Government plans to provide hazard warning radios to every public school

Published 25 September 2006

When a tornado or a hurricane hits, there is a higher risk of loss of life in places where a large number of people congregate — schools, for example; the U.S. government has decided to equip tens of thousands of public schools with emergency radios so that school administration learns early of an impending disaster and usher the students to safety

Here is a small business opportunity for the fleet of foot: There are 97,000 public schools in the United States and today the government will announce that it plans to provide all of them with hazard warning radios. The purpose of the radios is to allow school administrators to learn of approaching peril such as a tornado, hurricane, flood, or fire, but also of terrorism, abducted children, and derailed trains carrying toxic materials so they could alert students and teachers to seek shelter.

There are plenty of warnings to go around. The National Oceanic and Atmospheric Administration (NOAA) pointed out that more than 10,000 major thunderstorms, 2,500 floods, and 1,000 tornadoes hit the United States annually, and that hurricanes threaten the Gulf and East coasts. The National Weather Service, which is part of NOAA, operates more than 950 short-range radio stations. It has encouraged schools, businesses, and homeowners to buy warning radios that are activated with a broadcast signal that automatically turns a radio on and announces a potential hazard.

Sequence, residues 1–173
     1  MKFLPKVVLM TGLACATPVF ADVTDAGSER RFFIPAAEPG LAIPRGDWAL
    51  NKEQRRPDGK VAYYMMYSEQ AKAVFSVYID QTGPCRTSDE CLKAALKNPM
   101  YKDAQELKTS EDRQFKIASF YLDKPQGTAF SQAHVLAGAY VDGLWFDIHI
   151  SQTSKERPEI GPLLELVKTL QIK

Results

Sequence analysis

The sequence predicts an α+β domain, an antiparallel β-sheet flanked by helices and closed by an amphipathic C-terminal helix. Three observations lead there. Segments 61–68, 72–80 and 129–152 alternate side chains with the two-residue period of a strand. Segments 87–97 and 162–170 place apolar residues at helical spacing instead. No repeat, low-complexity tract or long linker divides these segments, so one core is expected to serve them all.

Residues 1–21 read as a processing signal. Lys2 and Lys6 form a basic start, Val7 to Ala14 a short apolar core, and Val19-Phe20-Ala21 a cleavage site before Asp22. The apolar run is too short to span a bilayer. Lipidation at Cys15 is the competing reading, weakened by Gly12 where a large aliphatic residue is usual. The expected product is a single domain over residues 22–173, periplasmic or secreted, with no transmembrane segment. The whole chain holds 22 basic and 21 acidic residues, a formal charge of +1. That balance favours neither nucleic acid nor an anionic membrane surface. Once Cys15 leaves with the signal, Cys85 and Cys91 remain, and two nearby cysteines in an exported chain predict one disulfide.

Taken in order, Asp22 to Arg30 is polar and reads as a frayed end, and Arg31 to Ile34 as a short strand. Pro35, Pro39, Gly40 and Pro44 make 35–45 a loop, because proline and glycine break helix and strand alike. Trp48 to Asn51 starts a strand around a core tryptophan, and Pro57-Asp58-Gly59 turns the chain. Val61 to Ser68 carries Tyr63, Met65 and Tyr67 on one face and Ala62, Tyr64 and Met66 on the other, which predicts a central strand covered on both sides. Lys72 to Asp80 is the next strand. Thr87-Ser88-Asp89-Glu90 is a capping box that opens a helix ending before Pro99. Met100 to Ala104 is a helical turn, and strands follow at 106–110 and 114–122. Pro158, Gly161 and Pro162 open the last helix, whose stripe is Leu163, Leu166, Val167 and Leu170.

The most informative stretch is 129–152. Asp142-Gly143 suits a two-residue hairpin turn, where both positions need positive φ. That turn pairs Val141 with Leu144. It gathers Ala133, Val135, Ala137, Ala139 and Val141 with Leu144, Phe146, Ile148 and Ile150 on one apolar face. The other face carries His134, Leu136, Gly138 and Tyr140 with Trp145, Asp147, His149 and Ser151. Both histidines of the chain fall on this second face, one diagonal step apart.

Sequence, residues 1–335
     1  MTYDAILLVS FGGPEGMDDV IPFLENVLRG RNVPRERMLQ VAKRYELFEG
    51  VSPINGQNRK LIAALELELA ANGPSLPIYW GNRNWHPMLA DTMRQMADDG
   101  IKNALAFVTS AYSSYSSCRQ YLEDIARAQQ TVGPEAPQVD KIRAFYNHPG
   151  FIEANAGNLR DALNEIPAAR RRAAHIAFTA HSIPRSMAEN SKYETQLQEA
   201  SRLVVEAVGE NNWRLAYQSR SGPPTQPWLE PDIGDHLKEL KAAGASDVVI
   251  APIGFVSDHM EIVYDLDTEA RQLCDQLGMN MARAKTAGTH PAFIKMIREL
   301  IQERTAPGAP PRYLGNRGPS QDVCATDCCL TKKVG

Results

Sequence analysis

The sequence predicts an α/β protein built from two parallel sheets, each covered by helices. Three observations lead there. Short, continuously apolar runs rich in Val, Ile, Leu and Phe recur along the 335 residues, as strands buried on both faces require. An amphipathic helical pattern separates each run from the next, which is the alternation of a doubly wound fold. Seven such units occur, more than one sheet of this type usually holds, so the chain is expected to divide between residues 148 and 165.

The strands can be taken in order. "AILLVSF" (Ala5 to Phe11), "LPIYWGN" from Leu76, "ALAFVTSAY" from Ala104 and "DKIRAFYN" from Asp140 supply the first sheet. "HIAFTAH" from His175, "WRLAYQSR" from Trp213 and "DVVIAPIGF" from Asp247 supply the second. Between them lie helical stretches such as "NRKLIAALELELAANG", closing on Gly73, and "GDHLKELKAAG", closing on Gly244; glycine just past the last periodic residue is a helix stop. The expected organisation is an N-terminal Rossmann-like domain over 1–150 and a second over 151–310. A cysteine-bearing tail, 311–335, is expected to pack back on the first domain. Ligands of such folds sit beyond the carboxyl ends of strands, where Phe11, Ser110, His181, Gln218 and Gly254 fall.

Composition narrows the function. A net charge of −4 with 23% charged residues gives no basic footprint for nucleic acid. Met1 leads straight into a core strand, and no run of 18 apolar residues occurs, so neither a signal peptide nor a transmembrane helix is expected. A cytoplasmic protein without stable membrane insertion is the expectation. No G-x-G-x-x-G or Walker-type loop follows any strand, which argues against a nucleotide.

DHS will provide $5 million to make sure these radios are in every public school. The radios operate 24-hours-a-day, receiving forecasts and warnings from the Weather Service’s 123 forecast offices as well as other information. Six states — Washington, Tennessee, North Carolina, Maryland, Florida, and Mississippi — already mandate use of the radios in schools. NOAA said those schools will also be included in the new program to make sure they have the most recent models. Also included will be tribal schools and public schools in U.S. territories.

Typically the radios are smaller than a clock radio, have a battery backup in case of power loss and are sold at electronic and other stores for $20 to $80. Most can be programmed to respond only to warnings for a specific area — a county or city, for example. The NOAA radio system covers about 97 percent of the country with the few gaps in some sparsely populated mountain areas.

-read more in this AP report